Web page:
This refers to the article, “Moment of victory as moment of doubt” (June 4), an excellent analysis of the core issues facing the new government. India cannot achieve its dream of becoming an Asian tiger without removing social and economic inequalities which are the result of ignoring the needs of the marginalised. How long will the corporate sector remain engaged in window-dressing when it comes to carrying out its social responsibilities? How long will successive governments follow untiringly, outdated methods of dealing with our social and economic ills? How long will the electronic media resort to shallow debate on vital issues? The Modi government must usher in a new era with innovative ideas especially as there are no coalition pressures.
Rameeza A. Rasheed, Chennai
What a beautiful article which clearly shows that pluralism, sustainability, justice and representation of nature are the dire needs of our time and our democracy! It is time we realised that so-called development at the cost of nature, the poor and the marginalised has no possibility of being sustained. As the Western Ghats Ecology Expert Panel (WGEEP) report suggests, we have “to replace the prevailing ‘Develop recklessly-conserve thoughtlessly’ pattern with one of ‘Develop sustainably-conserve thoughtfully’.”
“Democracy,” as Jawaharlal Nehru said way back in 1948, “is not purely a political affair.” The 19th- century conception of democracy, that is, each person having a vote, was a good enough conception in those days, but it was incomplete and people think in terms of a larger and deeper democracy today.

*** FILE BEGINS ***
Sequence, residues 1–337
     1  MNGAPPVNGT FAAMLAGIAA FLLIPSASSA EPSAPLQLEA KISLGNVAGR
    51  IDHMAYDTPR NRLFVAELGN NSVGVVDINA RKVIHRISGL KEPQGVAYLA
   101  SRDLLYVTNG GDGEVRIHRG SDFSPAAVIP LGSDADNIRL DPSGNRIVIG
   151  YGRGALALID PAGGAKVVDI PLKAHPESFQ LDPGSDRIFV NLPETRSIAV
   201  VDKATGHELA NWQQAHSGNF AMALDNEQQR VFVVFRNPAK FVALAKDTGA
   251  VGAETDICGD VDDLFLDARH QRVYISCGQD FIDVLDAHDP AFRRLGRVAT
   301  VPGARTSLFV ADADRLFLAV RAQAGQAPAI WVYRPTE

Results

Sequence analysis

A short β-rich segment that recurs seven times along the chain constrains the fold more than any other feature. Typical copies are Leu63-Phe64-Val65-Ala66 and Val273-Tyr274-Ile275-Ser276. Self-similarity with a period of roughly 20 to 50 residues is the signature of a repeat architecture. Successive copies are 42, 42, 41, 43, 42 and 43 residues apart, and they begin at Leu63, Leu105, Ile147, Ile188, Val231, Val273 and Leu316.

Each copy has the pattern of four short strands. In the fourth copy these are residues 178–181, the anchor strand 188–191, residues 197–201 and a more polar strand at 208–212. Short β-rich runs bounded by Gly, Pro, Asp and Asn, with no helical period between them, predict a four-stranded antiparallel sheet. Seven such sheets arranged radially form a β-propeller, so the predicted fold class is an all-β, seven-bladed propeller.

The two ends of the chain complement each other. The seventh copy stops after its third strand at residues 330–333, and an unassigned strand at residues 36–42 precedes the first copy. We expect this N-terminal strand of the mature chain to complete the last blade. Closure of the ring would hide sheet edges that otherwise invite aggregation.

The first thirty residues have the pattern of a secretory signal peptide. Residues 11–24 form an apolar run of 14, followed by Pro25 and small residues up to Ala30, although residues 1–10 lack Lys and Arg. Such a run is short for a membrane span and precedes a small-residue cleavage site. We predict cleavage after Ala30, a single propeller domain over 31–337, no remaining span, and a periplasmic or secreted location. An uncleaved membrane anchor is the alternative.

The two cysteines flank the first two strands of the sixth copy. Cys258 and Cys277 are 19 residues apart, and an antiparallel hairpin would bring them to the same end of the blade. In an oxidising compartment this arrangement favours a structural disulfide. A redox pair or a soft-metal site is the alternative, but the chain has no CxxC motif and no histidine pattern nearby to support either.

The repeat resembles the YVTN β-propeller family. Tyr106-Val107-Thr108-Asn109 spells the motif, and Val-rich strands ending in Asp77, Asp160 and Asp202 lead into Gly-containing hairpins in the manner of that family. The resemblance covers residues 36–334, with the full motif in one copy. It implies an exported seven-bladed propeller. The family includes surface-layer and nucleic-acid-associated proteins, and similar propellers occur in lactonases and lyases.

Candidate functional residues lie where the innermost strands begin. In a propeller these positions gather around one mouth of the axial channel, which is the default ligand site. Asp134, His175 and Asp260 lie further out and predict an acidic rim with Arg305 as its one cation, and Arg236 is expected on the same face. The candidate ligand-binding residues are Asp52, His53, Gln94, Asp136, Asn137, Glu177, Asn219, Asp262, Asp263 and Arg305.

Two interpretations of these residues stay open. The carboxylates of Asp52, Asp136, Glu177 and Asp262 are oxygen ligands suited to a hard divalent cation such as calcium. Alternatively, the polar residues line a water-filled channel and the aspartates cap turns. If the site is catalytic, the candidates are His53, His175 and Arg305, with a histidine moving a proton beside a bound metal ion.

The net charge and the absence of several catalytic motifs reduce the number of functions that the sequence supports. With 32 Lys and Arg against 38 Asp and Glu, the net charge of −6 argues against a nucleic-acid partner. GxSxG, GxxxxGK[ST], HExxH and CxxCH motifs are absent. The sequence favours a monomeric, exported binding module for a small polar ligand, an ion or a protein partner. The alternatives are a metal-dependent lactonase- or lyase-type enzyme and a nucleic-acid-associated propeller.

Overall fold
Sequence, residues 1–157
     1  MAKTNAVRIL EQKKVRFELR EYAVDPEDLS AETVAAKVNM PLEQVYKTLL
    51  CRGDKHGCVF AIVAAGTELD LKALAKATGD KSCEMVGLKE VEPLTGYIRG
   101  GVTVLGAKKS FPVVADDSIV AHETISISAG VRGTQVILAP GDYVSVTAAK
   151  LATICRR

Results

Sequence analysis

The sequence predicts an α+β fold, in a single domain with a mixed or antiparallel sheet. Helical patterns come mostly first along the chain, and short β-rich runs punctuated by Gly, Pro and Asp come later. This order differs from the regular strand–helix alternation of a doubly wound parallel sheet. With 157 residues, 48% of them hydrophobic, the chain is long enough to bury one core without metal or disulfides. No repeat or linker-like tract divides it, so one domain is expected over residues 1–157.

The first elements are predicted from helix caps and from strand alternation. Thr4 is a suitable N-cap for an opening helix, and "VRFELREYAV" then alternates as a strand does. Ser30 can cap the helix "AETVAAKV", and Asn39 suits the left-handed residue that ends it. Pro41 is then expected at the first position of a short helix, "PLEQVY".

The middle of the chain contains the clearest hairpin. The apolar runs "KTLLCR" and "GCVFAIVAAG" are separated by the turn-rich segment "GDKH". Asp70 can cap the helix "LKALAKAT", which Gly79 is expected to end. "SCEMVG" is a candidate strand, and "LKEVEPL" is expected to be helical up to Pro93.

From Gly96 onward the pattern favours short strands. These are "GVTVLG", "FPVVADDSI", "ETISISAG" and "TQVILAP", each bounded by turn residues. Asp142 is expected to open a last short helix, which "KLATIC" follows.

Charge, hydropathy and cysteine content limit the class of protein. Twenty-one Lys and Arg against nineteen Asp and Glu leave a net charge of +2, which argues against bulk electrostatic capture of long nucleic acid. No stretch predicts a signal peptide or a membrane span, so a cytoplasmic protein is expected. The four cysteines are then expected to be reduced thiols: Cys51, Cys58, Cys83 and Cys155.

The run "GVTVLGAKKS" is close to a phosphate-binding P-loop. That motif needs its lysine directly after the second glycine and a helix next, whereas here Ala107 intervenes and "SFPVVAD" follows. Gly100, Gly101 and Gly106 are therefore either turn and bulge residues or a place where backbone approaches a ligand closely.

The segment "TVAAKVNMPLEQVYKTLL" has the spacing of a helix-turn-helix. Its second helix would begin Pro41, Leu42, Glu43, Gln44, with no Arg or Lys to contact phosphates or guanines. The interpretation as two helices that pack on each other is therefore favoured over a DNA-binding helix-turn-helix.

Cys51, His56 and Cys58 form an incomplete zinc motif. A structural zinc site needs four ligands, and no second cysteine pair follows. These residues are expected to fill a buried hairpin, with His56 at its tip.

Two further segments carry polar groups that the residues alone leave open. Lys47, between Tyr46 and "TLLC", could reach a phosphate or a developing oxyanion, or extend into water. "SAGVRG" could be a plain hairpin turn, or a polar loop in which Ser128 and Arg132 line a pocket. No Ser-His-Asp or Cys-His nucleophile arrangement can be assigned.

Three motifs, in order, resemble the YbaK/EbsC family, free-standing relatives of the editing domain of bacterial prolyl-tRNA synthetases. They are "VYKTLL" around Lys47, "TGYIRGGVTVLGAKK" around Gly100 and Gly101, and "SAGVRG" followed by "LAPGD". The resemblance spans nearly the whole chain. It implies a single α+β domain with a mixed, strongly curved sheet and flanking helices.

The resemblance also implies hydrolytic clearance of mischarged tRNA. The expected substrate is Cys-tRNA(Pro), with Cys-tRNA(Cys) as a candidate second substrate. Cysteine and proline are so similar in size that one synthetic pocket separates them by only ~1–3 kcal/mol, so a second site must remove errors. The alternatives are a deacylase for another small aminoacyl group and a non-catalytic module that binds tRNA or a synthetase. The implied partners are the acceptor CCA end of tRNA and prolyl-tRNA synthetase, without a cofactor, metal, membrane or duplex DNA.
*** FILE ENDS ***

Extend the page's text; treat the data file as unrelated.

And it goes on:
Sukumaran C.V., Palakkad
The article is a must-read, the political class included. Governing our country is not a one-man show. Instead, it involves team work with coordinated schemes and realistic targets. Mr. Modi alone cannot lead the country. Many of us are still floating in the haze of his victory. We have not elected him to celebrate his victory forever. There are “moments of doubt” already.
Ashna D., Thrissur
The new set of perspectives offered by Professor Visvanathan is self-contradictory and bizarre. The demand for a new social contract where nature needs representation will only act as an obstacle to development. Ecuador is one example where such rights were granted to nature, but eventually ignored. He then calls the Constitution as “doubly outdated,” but it is the primary document which binds India. The article reflects his inherent negative perception. While it is fine to be cautious, let us not be pessimistic. Let us give the government time to settle down before we start being “brutal.”
Sweety Gupta, New Delhi
It is an interesting article, but one that has left me deeply disappointed with its negativity. Professor Visvanathan is a critic of Mr. Modi, as he acknowledges, but he is pointing out negatives that belittle the Prime Minister hypothetically! How can anyone judge a new government in a week?
P. Krishna Kumar, Coimbatore
The article gives the impression that the writer is in a tearing hurry to proffer advice to Mr. Modi. He is only exhibiting his innate prejudice against the BJP. Mr. Modi never gloated over his victory. To pen such an essay before even the Members of Parliament are in place reveals his haste in condemning the government. A mere group of intellectuals cannot chart the course for India.
T.M. Renganathan, Srirangam